Full Course Description


Nearing the End of Life: Dare to Care

Program Information

Objectives

  1. Analyze how complementary therapies enhance quality of life for patients.
  2. Evaluate the risks and benefits of medical marijuana.
  3. Categorize the eight domains of the National Consensus Project.
  4. Analyze five complications related to artificial hydration and nutrition.
  5. Assess ethical issues often seen at the end of life.
  6. Formulate two strategies to diminish fear of death and dying.
  7. Connect moral resiliency to palliative care.

Outline

  • An Inexact Art & Science
    • Illness and dying trajectories
    • Frailty
    • Dementia
    • Prognostication and prognostic scales
    • When to refer to palliative care or hospice (disease specific)
  • Essentials of Care: Comfort, Communication, Choices, Control
    • Comfort Always
      • Morphine: Still the gold standard?
      • Pain during the final hours of life
      • Drug misuse: How to avoid it
      • Opioids for dyspnea
      • Thirst vs. xerostomia
      • Medical marijuana
    • Complementary and alternative therapies
      • Emotional distress interventions
      • The role of spirituality
      • Palliative sedation
      • Communication: Everyone is Involved
      • Advance care planning: More than just a form
      • The terminology matters
      • Your role in these critical conversations
      • How much can we share?
      • Truth vs. hope
      • Code status discussions
      • DNR does not mean do not treat
      • Addressing concerns and needs of the family
      • Thanatophobia: Is it fear of dying or fear of death?
      • Premortem surge
      • Near death awareness
      • The dying process
    • Choices: Shared Decision-Making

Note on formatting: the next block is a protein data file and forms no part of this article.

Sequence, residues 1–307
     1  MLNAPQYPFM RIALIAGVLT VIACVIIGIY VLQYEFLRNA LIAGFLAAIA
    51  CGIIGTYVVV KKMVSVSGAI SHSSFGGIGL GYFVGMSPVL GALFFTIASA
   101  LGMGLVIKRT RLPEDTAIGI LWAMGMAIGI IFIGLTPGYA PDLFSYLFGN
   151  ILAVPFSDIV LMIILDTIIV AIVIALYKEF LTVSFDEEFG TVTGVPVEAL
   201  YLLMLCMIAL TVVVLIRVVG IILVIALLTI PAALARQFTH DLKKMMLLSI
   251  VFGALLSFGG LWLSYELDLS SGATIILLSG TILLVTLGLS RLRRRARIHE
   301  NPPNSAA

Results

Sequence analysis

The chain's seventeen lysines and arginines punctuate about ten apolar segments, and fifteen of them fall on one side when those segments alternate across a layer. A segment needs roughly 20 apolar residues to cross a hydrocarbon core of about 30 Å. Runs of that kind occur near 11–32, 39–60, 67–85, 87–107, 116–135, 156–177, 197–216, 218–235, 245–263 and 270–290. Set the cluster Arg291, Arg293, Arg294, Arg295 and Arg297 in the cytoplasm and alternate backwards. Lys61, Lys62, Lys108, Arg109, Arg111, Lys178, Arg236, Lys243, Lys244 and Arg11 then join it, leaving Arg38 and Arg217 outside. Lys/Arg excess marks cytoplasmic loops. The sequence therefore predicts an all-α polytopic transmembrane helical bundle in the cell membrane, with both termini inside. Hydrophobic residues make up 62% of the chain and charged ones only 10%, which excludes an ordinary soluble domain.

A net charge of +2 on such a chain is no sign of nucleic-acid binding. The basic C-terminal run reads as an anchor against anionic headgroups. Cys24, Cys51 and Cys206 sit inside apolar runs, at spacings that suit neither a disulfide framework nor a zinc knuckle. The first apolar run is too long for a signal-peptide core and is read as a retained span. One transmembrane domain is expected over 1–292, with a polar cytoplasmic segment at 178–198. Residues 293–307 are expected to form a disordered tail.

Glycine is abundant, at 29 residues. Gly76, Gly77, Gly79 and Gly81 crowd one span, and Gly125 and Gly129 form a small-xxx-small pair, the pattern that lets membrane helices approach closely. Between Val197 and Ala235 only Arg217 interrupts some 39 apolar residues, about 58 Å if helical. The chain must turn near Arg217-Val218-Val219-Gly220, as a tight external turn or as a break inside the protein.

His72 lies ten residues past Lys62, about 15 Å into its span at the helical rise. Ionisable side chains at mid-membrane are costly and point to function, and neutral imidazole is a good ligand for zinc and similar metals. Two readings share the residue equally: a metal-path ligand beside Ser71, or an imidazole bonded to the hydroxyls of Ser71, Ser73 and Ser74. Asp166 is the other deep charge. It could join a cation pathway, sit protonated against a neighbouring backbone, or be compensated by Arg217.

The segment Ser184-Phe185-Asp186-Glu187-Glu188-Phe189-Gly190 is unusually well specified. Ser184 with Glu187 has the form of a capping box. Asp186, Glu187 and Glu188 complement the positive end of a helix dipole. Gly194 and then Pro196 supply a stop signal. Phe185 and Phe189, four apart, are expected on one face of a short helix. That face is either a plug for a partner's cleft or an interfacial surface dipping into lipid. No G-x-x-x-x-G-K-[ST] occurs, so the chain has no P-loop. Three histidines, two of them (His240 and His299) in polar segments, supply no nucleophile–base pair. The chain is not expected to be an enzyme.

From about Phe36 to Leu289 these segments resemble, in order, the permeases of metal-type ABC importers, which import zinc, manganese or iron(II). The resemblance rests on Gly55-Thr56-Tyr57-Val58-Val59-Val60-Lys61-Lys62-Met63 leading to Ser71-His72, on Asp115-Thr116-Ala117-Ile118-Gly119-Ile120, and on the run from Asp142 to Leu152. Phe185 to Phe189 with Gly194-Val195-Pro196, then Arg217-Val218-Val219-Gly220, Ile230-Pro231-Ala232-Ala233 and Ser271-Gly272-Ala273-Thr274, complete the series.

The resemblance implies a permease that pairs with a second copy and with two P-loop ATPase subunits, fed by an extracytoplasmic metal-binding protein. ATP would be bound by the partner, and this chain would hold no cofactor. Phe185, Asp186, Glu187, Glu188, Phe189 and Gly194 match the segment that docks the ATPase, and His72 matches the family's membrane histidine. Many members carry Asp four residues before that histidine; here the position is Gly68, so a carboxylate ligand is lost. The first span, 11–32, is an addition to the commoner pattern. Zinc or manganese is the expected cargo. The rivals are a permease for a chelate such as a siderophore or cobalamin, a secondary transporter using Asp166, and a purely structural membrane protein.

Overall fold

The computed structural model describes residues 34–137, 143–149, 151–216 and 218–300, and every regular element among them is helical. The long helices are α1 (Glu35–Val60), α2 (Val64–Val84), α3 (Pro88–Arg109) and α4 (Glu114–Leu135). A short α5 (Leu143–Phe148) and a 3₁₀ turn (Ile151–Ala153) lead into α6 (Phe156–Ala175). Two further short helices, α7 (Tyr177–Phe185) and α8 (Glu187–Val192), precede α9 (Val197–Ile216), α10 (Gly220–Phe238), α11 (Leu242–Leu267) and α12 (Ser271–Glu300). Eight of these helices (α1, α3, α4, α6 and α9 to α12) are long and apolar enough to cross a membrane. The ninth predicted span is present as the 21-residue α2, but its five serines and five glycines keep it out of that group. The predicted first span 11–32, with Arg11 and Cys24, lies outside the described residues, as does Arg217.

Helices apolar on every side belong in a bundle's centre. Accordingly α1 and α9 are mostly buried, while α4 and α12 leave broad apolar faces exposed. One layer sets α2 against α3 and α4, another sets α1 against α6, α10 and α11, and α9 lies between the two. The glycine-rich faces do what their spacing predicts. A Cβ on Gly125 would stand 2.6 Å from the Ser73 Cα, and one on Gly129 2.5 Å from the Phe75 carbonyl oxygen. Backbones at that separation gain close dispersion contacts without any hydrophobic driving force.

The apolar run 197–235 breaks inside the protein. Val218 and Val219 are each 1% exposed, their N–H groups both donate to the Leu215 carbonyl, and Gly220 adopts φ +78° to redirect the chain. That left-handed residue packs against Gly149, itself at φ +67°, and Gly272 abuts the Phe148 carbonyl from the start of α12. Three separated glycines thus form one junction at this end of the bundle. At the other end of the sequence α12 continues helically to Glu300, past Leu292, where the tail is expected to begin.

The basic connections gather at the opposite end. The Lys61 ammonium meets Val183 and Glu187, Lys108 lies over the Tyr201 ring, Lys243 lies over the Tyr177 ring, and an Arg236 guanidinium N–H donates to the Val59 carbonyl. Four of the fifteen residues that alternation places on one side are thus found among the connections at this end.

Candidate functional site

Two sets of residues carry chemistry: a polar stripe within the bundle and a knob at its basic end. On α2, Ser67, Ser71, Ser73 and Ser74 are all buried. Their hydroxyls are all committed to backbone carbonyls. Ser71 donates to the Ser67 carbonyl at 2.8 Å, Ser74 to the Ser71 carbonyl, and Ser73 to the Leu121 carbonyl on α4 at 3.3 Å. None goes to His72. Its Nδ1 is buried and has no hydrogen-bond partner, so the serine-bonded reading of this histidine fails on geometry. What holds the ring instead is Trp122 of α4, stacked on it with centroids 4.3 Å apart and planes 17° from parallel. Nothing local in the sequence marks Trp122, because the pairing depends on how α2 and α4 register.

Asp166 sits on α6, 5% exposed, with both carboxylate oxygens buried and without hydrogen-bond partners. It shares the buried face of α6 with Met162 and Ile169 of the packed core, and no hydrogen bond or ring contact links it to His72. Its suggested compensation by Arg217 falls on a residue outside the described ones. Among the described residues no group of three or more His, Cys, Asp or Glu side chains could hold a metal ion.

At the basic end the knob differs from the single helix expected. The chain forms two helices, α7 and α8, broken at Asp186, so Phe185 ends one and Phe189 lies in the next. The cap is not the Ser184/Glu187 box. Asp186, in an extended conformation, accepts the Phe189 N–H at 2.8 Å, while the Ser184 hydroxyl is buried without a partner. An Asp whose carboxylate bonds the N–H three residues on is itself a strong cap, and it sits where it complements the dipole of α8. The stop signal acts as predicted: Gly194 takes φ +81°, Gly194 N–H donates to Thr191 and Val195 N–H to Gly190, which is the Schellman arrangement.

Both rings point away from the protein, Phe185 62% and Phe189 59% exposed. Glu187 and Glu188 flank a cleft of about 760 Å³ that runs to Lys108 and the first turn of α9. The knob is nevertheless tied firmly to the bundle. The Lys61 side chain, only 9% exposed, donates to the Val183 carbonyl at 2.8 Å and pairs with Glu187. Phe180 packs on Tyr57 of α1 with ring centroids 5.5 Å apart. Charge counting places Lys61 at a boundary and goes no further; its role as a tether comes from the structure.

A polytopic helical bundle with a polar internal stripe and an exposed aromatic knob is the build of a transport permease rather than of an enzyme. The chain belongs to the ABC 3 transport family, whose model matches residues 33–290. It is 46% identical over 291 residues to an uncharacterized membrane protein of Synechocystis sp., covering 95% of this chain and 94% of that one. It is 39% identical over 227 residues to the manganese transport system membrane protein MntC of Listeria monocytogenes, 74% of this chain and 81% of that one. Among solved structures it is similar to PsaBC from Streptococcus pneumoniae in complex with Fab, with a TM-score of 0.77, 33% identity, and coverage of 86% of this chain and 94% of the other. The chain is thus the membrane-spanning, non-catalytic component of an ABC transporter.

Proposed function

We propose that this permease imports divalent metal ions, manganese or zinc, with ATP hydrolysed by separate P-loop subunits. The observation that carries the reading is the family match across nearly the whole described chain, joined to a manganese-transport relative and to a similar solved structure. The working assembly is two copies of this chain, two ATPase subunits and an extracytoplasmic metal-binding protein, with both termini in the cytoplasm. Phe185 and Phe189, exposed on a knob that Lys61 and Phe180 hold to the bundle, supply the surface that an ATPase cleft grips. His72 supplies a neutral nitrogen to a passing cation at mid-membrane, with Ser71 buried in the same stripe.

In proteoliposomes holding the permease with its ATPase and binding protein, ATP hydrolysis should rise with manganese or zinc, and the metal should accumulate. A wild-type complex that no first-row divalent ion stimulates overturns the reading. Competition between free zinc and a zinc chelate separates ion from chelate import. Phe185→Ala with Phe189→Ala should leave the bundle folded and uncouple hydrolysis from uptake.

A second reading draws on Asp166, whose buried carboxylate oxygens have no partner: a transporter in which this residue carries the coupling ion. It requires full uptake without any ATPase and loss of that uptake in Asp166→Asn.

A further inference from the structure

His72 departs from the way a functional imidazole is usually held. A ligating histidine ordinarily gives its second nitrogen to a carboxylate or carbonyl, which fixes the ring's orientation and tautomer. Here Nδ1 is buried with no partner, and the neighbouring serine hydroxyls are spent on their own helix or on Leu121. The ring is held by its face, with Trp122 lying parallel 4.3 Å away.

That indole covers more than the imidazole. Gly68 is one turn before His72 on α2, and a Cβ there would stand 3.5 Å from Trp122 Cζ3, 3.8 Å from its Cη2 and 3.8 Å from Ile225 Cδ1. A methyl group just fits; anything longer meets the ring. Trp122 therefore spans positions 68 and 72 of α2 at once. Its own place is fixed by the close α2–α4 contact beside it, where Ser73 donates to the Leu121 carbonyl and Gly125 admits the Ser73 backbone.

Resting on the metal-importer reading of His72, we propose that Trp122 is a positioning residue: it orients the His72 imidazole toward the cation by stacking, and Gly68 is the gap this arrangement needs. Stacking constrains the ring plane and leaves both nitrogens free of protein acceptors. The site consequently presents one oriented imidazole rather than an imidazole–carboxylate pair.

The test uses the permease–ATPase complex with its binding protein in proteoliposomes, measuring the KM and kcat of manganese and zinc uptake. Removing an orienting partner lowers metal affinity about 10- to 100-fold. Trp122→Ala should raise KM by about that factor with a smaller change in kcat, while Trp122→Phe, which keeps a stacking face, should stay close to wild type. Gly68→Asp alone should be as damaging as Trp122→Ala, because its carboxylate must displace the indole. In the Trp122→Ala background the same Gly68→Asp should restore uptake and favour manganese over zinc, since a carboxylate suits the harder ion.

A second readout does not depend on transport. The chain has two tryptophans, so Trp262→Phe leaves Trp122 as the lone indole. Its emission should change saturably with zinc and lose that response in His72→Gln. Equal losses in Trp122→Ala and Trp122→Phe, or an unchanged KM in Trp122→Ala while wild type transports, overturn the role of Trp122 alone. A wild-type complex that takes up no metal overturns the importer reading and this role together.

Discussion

• Nutrition & hydration choices
      • Voluntarily Stopping Eating and Drinking (VSED): Benefits & burdens
      • Life-sustaining treatment
      • Non-beneficial treatment choices
      • Faith-based influences
      • Ventilator support
      • Dialysis or renal palliative care
      • Devices to extend life
      • Hastened death request: Why not humanely euthanize?
    • Allowing Control: Patient-Centered Care
      • Reframing hope
      • What do family members want you to consider
      • Who makes the decision
      • What about family dysfunction…
      • Is the focus quality or quantity?
      • Decision to withhold or withdraw care
      • Challenging decisions: Honoring patients’ wishes
    • Cultivating Moral Resiliency
      • Moral resilience–preserving/restoring integrity
      • Personal vs. professional grieving
      • Enabling character and honorable action
      • Ethical Competency

Target Audience

Nurses, Nurse Practitioners, Clinical Nurse Specialists, Physician Assistants, Social Workers, Counselors, Case Managers, Chaplains, Clergy

Copyright : 03/09/2018

Care When There is No Cure for Patients with End Stage Diseases

Program Information

Objectives

  1. Measure the assessment scales that are predictive of poor survival.
  2. Debate the importance of prognosis and shared decision-making.
  3. Evaluate the benefits of using palliative care principles for patients with end stage disease.
  4. Distinguish palliative services vs. hospice services.
  5. Choose strategies to help patients overcome the fear of death.
  6. Predict challenging end of life symptoms and the best interventions.

Outline

Disease Prognostication: An Inexact Art & Science

  • Individualized care: The importance of prognosis (science/art/intuition)
  • Determining palliative care vs. hospice care
  • Crucial conversations
  • The hospice benefit

Congestive Heart Failure: The Broken Heart

  • Best practice: The Seattle HF Model
  • Medication management strategies
  • Symptom management and pain management
  • Pacemakers, ICDs & LVADs - Living better or prolonging suffering?

Chronic Obstructive Lung Disease

  • Global Obstructive Lung Disease (GOLD) Guidelines
  • The COPD Assessment Test (CAT)
  • Treating dyspnea: "The Pain of Non-Malignant Disease"
  • The medication tool box: Oxygen, bronchodilators, opioids and steroids

Renal Disease

  • Appropriate use of dialysis
  • Staging disease with Glomerular Filtration Rate
  • Hemodialysis mortality predictor
  • Symptom burden
  • Underutilization of hospice
  • Opiods with dialysis

Liver Disease

  • Indicators of poor prognosis
  • Differentiating when cirrhosis is the cause
  • Most useful analgesics for the pain